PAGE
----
3. VOA EDITORIALS – THEY’RE BACK! Amidst all the recent controversies over U.S. Agency for Global Media (USAGM) and its new CEO, Michael Pack, the PD community may have missed one important development: VOA editorials have been restored to their former prominence. As CEO Pack explained:
“It is imperative that VOA editorials, broadcast by the Voice of America, once again be fully employed by VOA. These editorials do not just communicate the policies of the U.S. government, further they express the foundational American principles and values in which those policies are grounded. Editorials, by their very nature, are meant to express the views of their house institution. In this case, the house institution is the U.S. government, of which VOA – a federal public service media organization – is a part. As such, it has been invested with both the trust and the funding of the American people.”
The USAGM Office of Policy has been tasked with restoring proper usage of editorials on all platforms so that the Administration’s foreign policy can be presented and explained.
For the press release and a 4-minute video explaining the new VOA policy on editorials, go to: https://www.usagm.gov/2020/06/24/usagm-ceo-michael-pack-moves-to-restore-voa-editorials-to-former-prominence/.
4. GRADING THE GREATER MIDDLE EAST: Any PD professional or area studies expert concerned about the Middle East North Africa (MENA) region will want to read a new, blunt Center for Strategic and International Studies (CSIS) report by Anthony H. Cordesman, Arleigh A. Burke Chair in Strategy. Titled The Greater Middle East: From the ‘Arab Spring’ to the ‘Axis of Failed States’, the report – admittedly subjective – ranks and provides a summary narrative of how each government in the region has met the needs of its people and the hopes of the April Spring since 2011.
Not surprisingly, the results are discouraging. Cordesman concludes: “Far too many countries have become ‘failed states’ in ways that go beyond the threat posed by Iran, extremism, and ethnic and sectarian divisions. They have failed to make adequate progress in civil and economic reforms, and they have stopped short of reducing corruption and incompetence in national policies and governance.” His message: “The last decade is a warning for most countries that their leadership has failed to meet the needs of its people, and that promises of progress and reform are rarely kept.”
Cordesman doesn’t let the U.S. off the hook when he writes that the United States “could easily be classified as a Category A to Category B failed state by the standards used in this analysis for its failure to achieve lasting results from its long wars, for its lack of progress in dealing with racism, and for the scale of its failures to use its wealth to deal with inequities in income.” For the report, go to https://www.csis.org/analysis/greater-middle-east-arab-spring-axis-failed-states.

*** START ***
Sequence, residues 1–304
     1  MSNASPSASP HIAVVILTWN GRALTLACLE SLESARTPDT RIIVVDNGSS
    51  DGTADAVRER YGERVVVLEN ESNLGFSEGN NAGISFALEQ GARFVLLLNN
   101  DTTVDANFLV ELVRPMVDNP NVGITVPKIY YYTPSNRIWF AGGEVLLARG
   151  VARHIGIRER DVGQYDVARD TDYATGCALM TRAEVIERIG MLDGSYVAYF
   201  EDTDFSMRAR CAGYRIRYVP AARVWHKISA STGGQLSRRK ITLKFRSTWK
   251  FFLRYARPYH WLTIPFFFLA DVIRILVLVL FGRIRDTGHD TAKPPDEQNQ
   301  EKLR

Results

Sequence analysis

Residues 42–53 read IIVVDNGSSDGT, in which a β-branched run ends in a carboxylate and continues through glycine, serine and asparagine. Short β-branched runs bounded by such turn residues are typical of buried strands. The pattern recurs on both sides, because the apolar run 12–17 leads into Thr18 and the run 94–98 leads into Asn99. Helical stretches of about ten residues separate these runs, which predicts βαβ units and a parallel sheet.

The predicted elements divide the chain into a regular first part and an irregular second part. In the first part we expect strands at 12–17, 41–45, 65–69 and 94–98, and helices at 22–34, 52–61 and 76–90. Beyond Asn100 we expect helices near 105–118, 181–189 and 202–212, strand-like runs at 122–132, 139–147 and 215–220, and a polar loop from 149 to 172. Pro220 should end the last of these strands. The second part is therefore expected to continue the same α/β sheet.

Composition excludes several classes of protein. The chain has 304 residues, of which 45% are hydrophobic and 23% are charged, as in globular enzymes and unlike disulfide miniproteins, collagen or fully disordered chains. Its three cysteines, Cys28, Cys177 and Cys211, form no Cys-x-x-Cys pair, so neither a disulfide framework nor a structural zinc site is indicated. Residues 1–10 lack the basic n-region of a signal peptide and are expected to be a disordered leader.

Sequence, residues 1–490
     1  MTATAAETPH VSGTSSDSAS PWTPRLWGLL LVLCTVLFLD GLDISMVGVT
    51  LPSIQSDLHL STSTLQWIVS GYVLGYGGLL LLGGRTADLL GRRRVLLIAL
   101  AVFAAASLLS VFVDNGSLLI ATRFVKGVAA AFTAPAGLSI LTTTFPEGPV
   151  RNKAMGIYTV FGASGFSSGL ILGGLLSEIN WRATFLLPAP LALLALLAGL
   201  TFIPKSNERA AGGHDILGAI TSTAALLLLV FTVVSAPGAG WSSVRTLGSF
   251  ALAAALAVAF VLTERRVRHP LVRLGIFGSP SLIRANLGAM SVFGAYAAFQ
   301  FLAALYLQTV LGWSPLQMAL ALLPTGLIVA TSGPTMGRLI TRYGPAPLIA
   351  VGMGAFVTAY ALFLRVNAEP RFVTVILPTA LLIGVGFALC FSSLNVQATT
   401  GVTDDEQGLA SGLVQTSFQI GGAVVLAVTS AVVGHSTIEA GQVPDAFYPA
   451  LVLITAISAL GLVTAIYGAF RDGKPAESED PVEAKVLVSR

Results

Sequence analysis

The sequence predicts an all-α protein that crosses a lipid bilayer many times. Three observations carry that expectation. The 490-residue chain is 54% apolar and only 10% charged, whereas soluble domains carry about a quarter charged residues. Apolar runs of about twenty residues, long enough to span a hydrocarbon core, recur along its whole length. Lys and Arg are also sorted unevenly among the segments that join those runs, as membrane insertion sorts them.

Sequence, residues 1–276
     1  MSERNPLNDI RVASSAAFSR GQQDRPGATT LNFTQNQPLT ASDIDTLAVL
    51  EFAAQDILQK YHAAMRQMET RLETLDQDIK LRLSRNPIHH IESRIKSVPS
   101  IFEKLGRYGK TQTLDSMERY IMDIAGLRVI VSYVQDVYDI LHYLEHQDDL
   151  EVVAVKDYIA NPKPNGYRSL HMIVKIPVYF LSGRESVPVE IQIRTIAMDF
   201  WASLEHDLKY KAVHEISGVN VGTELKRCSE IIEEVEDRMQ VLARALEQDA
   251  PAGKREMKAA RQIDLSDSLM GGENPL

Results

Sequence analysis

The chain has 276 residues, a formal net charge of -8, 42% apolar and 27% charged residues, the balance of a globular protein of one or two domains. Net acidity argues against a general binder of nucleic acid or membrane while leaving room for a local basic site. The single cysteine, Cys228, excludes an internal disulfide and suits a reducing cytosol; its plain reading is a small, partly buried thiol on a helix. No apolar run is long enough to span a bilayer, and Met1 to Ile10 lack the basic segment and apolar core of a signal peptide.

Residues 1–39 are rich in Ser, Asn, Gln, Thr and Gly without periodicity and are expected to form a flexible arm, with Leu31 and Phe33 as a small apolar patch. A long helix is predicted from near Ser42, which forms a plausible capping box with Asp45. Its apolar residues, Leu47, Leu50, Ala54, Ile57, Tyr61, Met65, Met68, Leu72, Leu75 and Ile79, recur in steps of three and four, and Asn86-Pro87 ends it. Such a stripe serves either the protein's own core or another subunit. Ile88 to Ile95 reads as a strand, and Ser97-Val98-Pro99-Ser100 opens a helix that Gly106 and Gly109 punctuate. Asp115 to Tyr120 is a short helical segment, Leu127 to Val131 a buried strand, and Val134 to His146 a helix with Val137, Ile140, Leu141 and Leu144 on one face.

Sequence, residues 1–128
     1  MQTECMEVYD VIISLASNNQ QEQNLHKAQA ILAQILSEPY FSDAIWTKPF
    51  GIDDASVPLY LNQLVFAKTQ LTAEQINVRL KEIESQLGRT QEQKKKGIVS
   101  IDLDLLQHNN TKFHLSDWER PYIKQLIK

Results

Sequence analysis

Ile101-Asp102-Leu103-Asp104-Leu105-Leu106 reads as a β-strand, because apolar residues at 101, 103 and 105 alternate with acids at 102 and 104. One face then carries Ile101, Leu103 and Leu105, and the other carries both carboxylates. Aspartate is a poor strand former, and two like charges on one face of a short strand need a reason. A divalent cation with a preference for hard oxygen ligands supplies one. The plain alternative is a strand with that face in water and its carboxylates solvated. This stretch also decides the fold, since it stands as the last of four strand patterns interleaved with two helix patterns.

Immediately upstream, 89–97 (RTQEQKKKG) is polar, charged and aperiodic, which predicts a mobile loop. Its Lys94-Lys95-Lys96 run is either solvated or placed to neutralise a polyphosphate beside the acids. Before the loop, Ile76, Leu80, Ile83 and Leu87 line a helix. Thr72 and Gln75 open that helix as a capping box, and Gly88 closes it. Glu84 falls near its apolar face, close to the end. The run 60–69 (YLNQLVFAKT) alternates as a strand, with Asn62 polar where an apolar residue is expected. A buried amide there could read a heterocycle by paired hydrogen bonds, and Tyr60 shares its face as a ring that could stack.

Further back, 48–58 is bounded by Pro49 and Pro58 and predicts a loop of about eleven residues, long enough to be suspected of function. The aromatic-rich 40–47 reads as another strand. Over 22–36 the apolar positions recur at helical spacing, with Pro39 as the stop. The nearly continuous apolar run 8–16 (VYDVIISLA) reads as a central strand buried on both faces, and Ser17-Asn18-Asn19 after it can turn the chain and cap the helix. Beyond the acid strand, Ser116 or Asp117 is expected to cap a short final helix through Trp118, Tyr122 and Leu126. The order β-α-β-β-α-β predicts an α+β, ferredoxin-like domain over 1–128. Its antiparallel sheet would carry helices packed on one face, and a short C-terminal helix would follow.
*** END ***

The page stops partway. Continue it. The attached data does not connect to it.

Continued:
5. CHALLENGES OF U.S. EDUCATIONAL TIES WITH INDIA: Kudos to the Center for Strategic and International Studies (CSIS) for recognizing that China isn’t the only country doing major educational exchange with the United States. On August 20, 2020, the think-tank organized a stimulating online event on India. It was supposed to focus on how Covid-19 had impacted U.S.-India higher education cooperation, but the discussion ended up covering a range of new and continuing issues, including the pandemic, online courses, student and H-1B U.S. visa problems, student safety, best practices among existing institutional partners, and policy towards foreign universities operating in India and clearance of foreign scholars’ research proposals.
Last November‘s IIE Open Doors 2019 study reported that India is second only to China as the largest source of our international students. Before the pandemic, more than 200,000 Indians were studying on U.S campuses, but only about 4,000 American students were studying abroad in India.
The virtual program, hosted by Richard Rossow, CSIS Senior Advisor and Wadhwani Chair in U.S.-India Policy Studies, featured three discussants: Dr. Patrick McNamara, Director of International Studies at the University of Nebraska-Omaha (UNO), and a former Fulbright-Nehru Senior Scholar; Dr. Linda Liu, Vice President-International, The College Board; and retired Foreign Service Officer Katherine Hadda, a former Consul General in Hyderabad, one of the world’s busiest issuers of U.S. student visas. To view their discussion, go to https://www.csis.org/events/online-event-covid-19-impact-us-india-higher-education-cooperation.
The CSIS event had at least two key takeaways: “Partnership 2020: Leveraging U.S.-India Cooperation in Higher Education to Harness Economic Opportunities and Innovation,” a 3-year State Department grant to UNO with CSIS playing a key advisory role, has been preparing policy recommendations and encouraging partnerships between the two countries; and on July 29, 2020 the Indian Cabinet finally approved a long-awaited “New Education Policy” (NEP), which aims to make “India a global knowledge superpower.” Indian Prime Minister Modi has welcomed the NEP, which he has said was “a long due and much-awaited reform in the education sector, which will transform millions in the times to come!”
The experts agreed that the potential and challenges are great, but felt it was too early to say what impact the sweeping reforms to an old policy – framed back in 1986 – will have on universities, the Indian bureaucracy and educational relations with the United States. For information about the State-funded “Partnership 2020,” go to https://www.unomaha.edu/international-studies-and-programs/engagement/partnership2020/index.php.
Dr. Michael H. Anderson is a public diplomacy and Asian affairs specialist with nearly 30 years of Foreign Service experience serving in the US Department of State and the US Information Agency (USIA) and working in South Asia and Southeast Asia. His Public Affairs Officer (PAO) postings included New Delhi, Jakarta, Karachi, Singapore, Manila and Port Moresby. He also has been a journalist, a teacher, a Peace Corps Volunteer in Malaysia, an information officer with UNICEF, and an East-West Center grantee. He is a member of the PDC Board.